ABSTRACT: We report the case of a 25-year-old Iraqi woman who had multiple hospitalizations at an outside hospital for abdominal pain, nausea, and diarrhea without any evidence of systemic lupus erythematosus. Laboratory investigations finally showed a positive antinuclear antibody (1280), positive anti-dsDNA, anti-β2 glycoprotein I, low complement, positive Coombs tests, and leukopenia. A kidney biopsy showed ISN class II lupus nephritis. An ileal biopsy and angiogram were unremarkable. A computed tomography showed marked and dramatic bowel edema involving the small and large bowel ("target sign"), dilatation of intestinal segments, engorgement of mesenteric vessels ("comb sign"), and increased attenuation of mesenteric fat. These cardinal signs on computed tomography scan led to the correct diagnosis of lupus enteritis. Treatment was commenced with high-dose corticosteroids followed by mycophenolate mofetil, hydroxychloroquine, and then oral cyclophosphamide, but failed. The patient was eventually treated with the Euro-Lupus intravenous cyclophosphamide regimen, which resulted in significant clinical and radiological resolution.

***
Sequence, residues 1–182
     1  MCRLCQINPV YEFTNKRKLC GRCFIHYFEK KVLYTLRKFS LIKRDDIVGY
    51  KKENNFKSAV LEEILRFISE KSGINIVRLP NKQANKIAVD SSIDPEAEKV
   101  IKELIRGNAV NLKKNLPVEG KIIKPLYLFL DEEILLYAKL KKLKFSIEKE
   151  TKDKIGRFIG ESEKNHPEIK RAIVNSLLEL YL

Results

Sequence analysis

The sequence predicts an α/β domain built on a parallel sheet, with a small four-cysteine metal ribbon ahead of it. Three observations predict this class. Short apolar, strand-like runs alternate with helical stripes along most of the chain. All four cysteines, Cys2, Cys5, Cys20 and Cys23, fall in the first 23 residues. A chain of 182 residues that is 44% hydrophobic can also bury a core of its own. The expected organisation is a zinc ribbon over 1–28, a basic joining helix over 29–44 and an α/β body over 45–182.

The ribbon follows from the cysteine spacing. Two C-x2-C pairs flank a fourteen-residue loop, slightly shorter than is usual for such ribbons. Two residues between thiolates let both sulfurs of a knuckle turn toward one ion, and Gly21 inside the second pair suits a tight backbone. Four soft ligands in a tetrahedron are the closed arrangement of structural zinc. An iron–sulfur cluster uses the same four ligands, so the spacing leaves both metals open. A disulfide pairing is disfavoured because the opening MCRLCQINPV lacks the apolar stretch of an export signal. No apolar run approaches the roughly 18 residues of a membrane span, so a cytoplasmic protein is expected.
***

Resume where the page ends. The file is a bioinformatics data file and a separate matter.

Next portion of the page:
- lupus enteritis
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